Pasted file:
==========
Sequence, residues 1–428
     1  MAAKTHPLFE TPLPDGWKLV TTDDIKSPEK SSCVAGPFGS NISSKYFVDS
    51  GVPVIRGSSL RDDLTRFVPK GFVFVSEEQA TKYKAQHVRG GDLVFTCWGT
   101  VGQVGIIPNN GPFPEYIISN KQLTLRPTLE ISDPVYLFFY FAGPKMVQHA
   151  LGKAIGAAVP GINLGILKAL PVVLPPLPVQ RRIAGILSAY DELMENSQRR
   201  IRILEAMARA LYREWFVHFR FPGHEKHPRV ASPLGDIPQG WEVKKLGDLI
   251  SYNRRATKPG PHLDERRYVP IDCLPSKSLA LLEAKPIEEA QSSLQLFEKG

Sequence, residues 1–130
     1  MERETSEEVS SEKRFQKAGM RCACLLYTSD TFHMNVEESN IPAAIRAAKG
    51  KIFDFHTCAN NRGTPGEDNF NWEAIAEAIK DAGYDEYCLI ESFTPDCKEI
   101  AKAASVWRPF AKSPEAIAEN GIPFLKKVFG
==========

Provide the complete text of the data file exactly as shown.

Sequence, residues 1–428
     1  MAAKTHPLFE TPLPDGWKLV TTDDIKSPEK SSCVAGPFGS NISSKYFVDS
    51  GVPVIRGSSL RDDLTRFVPK GFVFVSEEQA TKYKAQHVRG GDLVFTCWGT
   101  VGQVGIIPNN GPFPEYIISN KQLTLRPTLE ISDPVYLFFY FAGPKMVQHA
   151  LGKAIGAAVP GINLGILKAL PVVLPPLPVQ RRIAGILSAY DELMENSQRR
   201  IRILEAMARA LYREWFVHFR FPGHEKHPRV ASPLGDIPQG WEVKKLGDLI
   251  SYNRRATKPG PHLDERRYVP IDCLPSKSLA LLEAKPIEEA QSSLQLFEKG

Sequence, residues 1–130
     1  MERETSEEVS SEKRFQKAGM RCACLLYTSD TFHMNVEESN IPAAIRAAKG
    51  KIFDFHTCAN NRGTPGEDNF NWEAIAEAIK DAGYDEYCLI ESFTPDCKEI
   101  AKAASVWRPF AKSPEAIAEN GIPFLKKVFG